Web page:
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Staccato: A Trial of CD4 Guided Treatment Interruption, Compared to Continuous Treatment, for HIV Infection

The safety and scientific validity of this study is the responsibility of the study sponsor and investigators. Listing a study does not mean it has been evaluated by the U.S. Federal Government. Read our disclaimer for details. Identifier: NCT00113126
Recruitment Status : Completed
First Posted : June 6, 2005
Last Update Posted : November 29, 2006
Information provided by:
University Hospital, Geneva

Brief Summary:

Treatment of HIV repairs the immune system, but continuous treatment is expensive and causes side effects. Would it not be better to treat intermittently, e.g. stop treatment when the immune system has recovered, and start again only when damage reappears? That is the question which STACCATO proposes to answer.

Approximately 500 patients were recruited for this trial from 2002 to 2004. One third were treated continuously; in two thirds, the treatment was interrupted whenever the CD4 count, a measure of immune recovery, exceeded 350. At the end of 2005, the two treatment groups will be compared in order to see which fared better regarding amount of drugs used, side effects, CD4 counts, and development of resistance to treatment.

Condition or disease Intervention/treatment Phase
HIV Infection AIDS Drug: Treatment interruption Not Applicable

Detailed Description:

Continuous treatment has been very successful in diminishing the diseases and deaths caused by HIV. However, continuous treatment is expensive. Intermittent treatment will always cost less than continuous treatment, and therefore has the potential to facilitate access to highly active antiretroviral therapy (HAART) in developing countries. HAART also causes many undesirable effects. Intermittent treatment decreases exposure to drugs and is therefore expected to decrease side effects.

STACCATO is a randomised trial of intermittent versus continuous anti-retroviral treatment. At least 600 patients on HAART, with viremia below 50 copies/ml and CD4 count above 350 cells/ml were randomised to one of two arms, in 1:2 proportions:

  • Arm 1: Continuation (control) arm: Drugs are continued or changed according to current guidelines and good clinical practice.
  • Arm 2: CD4-guided arm: Drugs discontinued and reintroduced according to CD4 counts, with HAART being administered only if CD4 count is < 350 cells/ml.

Randomized treatment will continue during an average of approximately 2 years, and will be followed by a period of 12 to 24 weeks’ continuous treatment, for patients in both arms.

Endpoints: The amount of drugs used, side effects, viremia and CD4 counts, number of clinical events, at the end of the randomized treatment period, and again 12 to 24 weeks later. A subproject will study the effect of treatment interruption on resistance development, mutations in proviral DNA and proviral DNA levels.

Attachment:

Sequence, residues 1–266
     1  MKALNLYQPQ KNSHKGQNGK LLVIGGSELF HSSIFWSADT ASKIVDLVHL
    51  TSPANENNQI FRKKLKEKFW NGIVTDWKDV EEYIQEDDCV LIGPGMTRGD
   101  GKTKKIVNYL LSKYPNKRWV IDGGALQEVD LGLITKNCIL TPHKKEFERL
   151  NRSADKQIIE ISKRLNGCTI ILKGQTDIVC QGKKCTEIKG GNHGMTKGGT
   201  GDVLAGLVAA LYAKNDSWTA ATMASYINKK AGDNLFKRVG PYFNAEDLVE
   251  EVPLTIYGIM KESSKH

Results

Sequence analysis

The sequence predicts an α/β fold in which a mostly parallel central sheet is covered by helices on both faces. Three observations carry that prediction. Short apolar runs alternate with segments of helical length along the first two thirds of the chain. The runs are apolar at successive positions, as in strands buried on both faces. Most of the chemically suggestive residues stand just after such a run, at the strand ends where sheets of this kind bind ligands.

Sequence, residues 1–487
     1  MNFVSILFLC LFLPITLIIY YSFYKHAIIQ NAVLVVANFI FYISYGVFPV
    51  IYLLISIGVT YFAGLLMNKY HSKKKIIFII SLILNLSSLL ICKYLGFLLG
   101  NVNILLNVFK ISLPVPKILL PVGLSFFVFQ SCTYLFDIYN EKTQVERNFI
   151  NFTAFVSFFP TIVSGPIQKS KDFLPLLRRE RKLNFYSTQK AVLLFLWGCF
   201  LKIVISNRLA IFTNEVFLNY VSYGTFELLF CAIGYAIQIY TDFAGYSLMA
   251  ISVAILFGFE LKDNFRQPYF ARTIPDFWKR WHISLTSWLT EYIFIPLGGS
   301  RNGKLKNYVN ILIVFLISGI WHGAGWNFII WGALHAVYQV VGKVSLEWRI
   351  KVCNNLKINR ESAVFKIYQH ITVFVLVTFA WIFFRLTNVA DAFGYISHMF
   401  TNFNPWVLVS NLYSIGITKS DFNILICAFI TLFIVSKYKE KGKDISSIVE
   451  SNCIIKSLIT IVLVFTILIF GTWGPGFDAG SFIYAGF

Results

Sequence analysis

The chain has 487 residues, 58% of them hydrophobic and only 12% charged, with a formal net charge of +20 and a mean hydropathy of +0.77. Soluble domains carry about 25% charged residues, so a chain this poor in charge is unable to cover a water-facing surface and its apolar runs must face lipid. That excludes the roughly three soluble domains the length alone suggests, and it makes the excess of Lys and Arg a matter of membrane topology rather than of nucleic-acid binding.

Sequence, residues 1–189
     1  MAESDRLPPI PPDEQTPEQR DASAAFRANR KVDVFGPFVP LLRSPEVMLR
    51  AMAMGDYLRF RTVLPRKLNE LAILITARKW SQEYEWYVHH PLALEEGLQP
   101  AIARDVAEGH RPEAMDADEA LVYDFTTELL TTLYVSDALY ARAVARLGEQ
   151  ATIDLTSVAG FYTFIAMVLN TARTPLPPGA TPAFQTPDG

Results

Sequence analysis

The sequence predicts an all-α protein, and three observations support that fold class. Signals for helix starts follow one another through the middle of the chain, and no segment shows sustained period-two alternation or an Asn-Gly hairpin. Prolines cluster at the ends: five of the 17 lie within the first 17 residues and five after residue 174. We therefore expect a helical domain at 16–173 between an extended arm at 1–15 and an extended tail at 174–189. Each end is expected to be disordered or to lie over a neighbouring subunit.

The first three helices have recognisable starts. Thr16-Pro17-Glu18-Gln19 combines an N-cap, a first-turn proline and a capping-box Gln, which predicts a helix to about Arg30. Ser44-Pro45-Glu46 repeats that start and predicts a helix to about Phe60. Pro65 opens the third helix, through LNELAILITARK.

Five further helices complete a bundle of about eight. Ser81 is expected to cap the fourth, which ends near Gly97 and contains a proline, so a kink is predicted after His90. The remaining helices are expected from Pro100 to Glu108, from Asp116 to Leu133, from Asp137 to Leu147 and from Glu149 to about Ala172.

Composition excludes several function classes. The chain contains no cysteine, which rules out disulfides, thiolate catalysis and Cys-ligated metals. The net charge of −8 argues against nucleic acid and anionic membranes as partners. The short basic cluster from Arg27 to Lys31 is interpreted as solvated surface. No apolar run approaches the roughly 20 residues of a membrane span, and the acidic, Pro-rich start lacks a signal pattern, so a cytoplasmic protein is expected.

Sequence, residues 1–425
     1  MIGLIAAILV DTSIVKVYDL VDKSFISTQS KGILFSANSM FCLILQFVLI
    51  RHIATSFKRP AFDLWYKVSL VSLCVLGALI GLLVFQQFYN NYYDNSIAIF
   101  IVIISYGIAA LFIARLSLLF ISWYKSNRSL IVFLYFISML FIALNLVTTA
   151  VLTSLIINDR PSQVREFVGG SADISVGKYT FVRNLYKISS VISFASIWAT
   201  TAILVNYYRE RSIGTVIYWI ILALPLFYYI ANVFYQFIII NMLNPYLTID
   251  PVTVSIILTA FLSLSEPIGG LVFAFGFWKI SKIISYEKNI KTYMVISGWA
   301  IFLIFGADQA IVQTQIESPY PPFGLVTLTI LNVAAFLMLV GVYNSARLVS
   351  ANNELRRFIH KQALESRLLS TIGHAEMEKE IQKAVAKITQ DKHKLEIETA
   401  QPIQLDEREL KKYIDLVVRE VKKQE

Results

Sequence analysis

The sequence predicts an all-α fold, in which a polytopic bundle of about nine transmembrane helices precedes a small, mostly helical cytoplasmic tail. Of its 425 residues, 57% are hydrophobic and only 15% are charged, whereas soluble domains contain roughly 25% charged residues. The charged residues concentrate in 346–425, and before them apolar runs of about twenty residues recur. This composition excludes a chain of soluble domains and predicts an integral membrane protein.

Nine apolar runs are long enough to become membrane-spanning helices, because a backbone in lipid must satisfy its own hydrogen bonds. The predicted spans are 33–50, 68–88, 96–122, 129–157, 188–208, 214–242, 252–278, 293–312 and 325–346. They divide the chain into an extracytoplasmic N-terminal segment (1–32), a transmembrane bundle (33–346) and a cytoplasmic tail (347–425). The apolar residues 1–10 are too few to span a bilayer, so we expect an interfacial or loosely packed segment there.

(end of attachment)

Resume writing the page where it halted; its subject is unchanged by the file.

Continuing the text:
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Study Type : Interventional  (Clinical Trial)
Enrollment : 526 participants
Allocation: Randomized
Intervention Model: Parallel Assignment
Masking: None (Open Label)
Primary Purpose: Treatment
Official Title: A Randomized Trial of CD4 Guided Treatment Interruption, Compared to Continuous Treatment, for HIV Infection
Study Start Date : January 2002
Study Completion Date : October 2005

Resource links provided by the National Library of Medicine

MedlinePlus related topics: HIV/AIDS

Primary Outcome Measures :
  1. Amounts of drugs used
  2. Response of viral load to retreatment after interruption

Secondary Outcome Measures :
  1. Opportunistic infections and deaths
  2. Adverse effects
  3. CD4 counts
  4. Resistance development

Information from the National Library of Medicine

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Ages Eligible for Study:   18 Years and older   (Adult, Older Adult)
Sexes Eligible for Study:   All
Accepts Healthy Volunteers:   No

Inclusion Criteria:

  • CD4 lymphocyte count above 350/microliter and viral HIV1-RNA below 50 copies/ml on antiretroviral treatment.

Exclusion Criteria:

  • Virologic failure of treatment. Failure of treatment defined as a treatment switch motivated by high viral loads on treatment.

Information from the National Library of Medicine

To learn more about this study, you or your doctor may contact the study research staff using the contact information provided by the sponsor.

Please refer to this study by its identifier (NCT number): NCT00113126

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Infectious Diseases Unit - University Hospital
Geneva, Switzerland, 1205
Sponsors and Collaborators
University Hospital, Geneva
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Study Chair: Bernard Hirschel, MD Infectious Diseases Unit - University Hospital

Publications of Results:
Other Publications:
Publications automatically indexed to this study by Identifier (NCT Number):
Layout table for additonal information Identifier: NCT00113126     History of Changes
Other Study ID Numbers: SHCS # 356
First Posted: June 6, 2005    Key Record Dates
Last Update Posted: November 29, 2006
Last Verified: June 2005

Keywords provided by University Hospital, Geneva:
Scheduled treatment interruptions

Additional relevant MeSH terms:
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Communicable Diseases
HIV Infections
Acquired Immunodeficiency Syndrome
Lentivirus Infections
Retroviridae Infections
RNA Virus Infections
Virus Diseases
Sexually Transmitted Diseases, Viral
Sexually Transmitted Diseases
Immunologic Deficiency Syndromes
Immune System Diseases
Slow Virus Diseases